As athletes, we always want to look back, review our accomplishments and determine whether  we as athletes are successful or not. Did we achieve our event and training goals? Did we have fun? I want to repeat that – Did we have fun? Was training a chore or a thrill? What were your highs and lows? The majority of us are in this sport to improve and when we don’t show the amount of improvement we wish, we look to understand what happened. This leads back to my original question, and the answer I was looking for, namely: it’s all about trends.

So, what can the stock market teach us about our training program? The stock market is about trends. It’s not about day to day changes (or, preferably, gains); it’s about a long term return on our investments (historically 11%). This is the same way we should view our training and events. The important question to examine is which way is the trend moving? Are we improving? Are we accomplishing our goals? Are we learning new aspects of the sport? Are we learning something new about ourselves? Let me give you another analogy. When we are trying to lose weight, we are advised not to weigh ourselves every morning, but to only jump on the scale once a week, at the same time of the day (e.g., Monday mornings). It’s the overall trend of your weight, not the day to day fluctuations (which can sometimes vary by as much as 3-5 pounds) that matter. The same goes for us in our training and events. We all have down cycles, we will have days or even weeks when we don’t perform as well as we want. So, in keeping with the Stock Market analogy, it’s not as important to look at a single “window” of training, but to look at the big picture and the overall trend of improvement.

Let’s ask some tough questions. Have you gained fitness, have you gained confidence, have you gained new skills, what has been your level of improvement?

One understanding that is important to develop is the reality that as we become better cyclists, our rate of improvement will slow. A corollary of this truth is that the better we get, the more hard days we have. The good news is that our good days will be at a higher level than ever before, but they may be more infrequent than they were when we were less fit. This becomes even more true the older we get. If we don’t understand this phenomenon, we may view our lack of progress as “failure.” Of course, it is vital to understand when we have genuinely “plateau’d” which means that we likely need to change our training regimen in order to continue our improvement. It is important though to be able to have enough perspective on where we are at in our development as athletes to be able to view these difficult days and (occasionally) weeks as part of moving the trend upward.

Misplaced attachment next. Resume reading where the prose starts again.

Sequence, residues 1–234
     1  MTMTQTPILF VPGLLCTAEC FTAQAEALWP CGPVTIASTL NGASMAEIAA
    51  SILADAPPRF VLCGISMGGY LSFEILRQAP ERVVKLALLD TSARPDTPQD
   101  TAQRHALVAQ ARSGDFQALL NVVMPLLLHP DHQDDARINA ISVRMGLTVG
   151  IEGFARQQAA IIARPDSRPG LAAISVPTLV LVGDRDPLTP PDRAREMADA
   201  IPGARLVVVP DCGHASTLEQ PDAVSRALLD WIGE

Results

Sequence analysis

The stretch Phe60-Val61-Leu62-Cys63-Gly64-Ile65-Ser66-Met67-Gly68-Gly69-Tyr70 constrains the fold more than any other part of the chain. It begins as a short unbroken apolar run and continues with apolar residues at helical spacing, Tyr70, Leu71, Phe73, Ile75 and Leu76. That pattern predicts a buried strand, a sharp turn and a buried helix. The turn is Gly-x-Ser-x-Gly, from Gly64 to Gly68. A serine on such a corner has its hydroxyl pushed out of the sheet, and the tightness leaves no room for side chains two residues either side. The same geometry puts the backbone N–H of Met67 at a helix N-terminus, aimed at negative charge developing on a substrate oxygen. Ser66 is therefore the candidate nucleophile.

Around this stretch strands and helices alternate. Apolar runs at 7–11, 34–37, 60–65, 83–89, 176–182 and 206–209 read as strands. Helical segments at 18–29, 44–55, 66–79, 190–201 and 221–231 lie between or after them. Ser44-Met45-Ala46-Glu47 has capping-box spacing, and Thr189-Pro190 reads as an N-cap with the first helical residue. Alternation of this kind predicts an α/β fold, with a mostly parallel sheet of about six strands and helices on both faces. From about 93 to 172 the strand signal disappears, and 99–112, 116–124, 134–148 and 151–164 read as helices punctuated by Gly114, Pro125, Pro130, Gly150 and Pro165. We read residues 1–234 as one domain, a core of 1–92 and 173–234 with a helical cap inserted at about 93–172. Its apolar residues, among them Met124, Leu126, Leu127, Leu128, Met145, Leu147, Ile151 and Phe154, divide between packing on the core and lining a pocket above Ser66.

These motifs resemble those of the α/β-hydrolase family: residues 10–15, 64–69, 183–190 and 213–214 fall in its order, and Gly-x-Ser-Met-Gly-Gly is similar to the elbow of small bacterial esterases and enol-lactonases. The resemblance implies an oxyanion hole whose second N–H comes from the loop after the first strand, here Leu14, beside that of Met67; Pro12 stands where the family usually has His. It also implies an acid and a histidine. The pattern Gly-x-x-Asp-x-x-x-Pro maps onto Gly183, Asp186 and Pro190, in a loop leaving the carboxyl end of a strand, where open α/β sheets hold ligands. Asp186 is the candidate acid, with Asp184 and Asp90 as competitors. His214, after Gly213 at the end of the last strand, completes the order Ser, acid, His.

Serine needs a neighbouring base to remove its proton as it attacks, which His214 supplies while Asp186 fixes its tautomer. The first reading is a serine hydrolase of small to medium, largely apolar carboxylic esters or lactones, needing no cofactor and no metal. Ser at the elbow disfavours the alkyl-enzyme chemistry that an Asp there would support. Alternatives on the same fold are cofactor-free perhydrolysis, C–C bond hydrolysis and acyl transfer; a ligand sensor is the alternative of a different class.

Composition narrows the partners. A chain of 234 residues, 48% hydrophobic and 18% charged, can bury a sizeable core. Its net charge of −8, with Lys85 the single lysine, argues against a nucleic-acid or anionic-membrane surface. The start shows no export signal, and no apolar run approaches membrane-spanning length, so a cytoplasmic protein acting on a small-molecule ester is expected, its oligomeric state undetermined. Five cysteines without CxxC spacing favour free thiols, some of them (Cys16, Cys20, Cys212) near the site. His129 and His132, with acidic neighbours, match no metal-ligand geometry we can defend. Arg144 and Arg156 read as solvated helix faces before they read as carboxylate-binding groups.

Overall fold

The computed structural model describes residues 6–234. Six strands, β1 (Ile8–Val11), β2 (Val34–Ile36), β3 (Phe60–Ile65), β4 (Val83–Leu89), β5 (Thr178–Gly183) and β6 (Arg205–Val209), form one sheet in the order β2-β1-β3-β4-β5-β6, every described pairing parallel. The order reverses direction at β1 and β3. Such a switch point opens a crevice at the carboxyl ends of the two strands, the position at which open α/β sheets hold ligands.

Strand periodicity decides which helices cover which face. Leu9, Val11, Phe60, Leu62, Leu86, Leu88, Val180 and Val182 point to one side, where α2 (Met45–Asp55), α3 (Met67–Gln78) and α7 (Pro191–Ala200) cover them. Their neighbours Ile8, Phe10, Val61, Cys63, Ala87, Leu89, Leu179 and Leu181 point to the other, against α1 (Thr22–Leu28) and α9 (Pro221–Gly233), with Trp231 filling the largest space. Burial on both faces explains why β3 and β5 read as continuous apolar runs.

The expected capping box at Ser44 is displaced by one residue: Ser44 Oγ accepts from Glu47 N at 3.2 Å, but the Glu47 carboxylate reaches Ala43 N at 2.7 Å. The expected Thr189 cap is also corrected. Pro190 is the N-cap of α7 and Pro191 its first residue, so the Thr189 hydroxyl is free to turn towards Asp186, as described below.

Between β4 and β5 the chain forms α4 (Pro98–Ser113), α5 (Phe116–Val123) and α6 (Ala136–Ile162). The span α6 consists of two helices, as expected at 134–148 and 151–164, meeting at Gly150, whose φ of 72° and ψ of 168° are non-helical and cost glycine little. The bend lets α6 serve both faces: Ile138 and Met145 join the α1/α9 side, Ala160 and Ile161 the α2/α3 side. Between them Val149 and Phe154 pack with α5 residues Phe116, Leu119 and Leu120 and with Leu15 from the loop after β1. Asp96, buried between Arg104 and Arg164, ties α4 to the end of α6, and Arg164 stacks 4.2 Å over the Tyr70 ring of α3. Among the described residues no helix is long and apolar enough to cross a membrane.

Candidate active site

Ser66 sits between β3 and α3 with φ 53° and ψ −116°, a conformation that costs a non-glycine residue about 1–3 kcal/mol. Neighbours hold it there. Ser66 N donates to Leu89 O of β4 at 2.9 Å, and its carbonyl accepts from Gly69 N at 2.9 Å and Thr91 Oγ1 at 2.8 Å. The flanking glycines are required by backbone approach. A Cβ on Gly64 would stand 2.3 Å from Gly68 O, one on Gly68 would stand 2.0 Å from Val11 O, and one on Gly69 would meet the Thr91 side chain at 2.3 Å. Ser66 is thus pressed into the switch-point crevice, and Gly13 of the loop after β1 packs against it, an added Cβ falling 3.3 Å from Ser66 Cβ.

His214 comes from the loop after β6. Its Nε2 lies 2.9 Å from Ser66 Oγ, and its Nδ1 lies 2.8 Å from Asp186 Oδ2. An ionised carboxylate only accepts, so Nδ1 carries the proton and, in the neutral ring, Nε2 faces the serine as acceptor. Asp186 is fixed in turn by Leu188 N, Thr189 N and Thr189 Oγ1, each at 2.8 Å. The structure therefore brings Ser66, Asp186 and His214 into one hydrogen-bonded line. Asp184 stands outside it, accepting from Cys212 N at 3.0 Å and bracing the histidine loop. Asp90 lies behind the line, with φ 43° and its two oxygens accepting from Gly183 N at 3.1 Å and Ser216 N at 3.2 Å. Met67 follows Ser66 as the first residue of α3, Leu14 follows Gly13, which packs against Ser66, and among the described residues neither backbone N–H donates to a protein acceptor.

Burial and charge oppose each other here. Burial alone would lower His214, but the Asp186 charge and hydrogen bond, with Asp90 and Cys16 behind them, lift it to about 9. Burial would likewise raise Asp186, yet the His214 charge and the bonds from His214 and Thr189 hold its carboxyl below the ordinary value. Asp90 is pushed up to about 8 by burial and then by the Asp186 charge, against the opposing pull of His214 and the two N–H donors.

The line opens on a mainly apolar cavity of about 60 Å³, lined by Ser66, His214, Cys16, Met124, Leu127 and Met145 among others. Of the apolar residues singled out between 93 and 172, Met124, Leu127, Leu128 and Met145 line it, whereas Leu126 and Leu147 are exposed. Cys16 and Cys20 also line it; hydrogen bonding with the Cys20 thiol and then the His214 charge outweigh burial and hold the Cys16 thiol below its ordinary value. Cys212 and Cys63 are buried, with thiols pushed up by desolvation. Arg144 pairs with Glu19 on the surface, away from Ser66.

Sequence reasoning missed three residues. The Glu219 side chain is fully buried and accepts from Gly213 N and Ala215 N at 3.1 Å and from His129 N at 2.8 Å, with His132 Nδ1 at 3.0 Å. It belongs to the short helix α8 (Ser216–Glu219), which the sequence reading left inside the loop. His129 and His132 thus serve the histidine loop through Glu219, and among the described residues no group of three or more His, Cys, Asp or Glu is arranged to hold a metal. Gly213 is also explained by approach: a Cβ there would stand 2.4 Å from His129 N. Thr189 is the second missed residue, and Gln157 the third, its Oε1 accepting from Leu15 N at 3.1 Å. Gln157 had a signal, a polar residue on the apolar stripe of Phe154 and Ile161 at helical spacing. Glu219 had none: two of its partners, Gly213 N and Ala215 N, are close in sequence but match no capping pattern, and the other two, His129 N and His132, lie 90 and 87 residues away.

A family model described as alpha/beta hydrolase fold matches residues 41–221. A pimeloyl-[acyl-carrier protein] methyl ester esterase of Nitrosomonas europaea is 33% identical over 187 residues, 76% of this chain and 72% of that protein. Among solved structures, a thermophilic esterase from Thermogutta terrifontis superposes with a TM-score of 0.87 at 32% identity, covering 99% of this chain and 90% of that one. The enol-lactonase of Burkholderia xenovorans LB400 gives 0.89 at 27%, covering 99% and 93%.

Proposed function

How can we track these all important trends? How do we know if we are improving and really moving in a positive direction?

To track our physical progress, we can setup periodic physiological and/or field testing. Testing is a great way to mark improvement. The lab setting allows us to eliminate external variables and track progress in important markers (such as watts at threshold, a measure which changes with fitness). With our athletes, we like to setup two types of goals, lab goals and event goals.

If performance testing is not readily available to you, set up field tests and use Strava segments. Pick a segment and test yourself on it periodically throughout the year to see if there is improvement. If there’s not improvement, ask yourself some hard but necessary questions about your training habits.

Find a good cycling coach! Find a coach that not only send you workouts, but also “coaches” you. Someone, you can sit down with and discuss all the other aspects of the sport beyond just the specific workouts. Set goals, track them and have a relationship that allows for open discussion of many issues ranging from weight management to life stress. The physical workouts (training program) should only be one portion of what a coach helps you with.

Accept the reality that your lifestyle, training time, and competition success will all fluctuate and likely eventually plateau over time. We only have a limited amount of time available to train, given the fact that this is just a hobby.

Monitor your self talk. What are you truly saying to yourself? Is your attitude good or is it bad? Are you saying encouraging and realistic things to yourself? Remember, how you view yourself is pretty much the direction you will take yourself.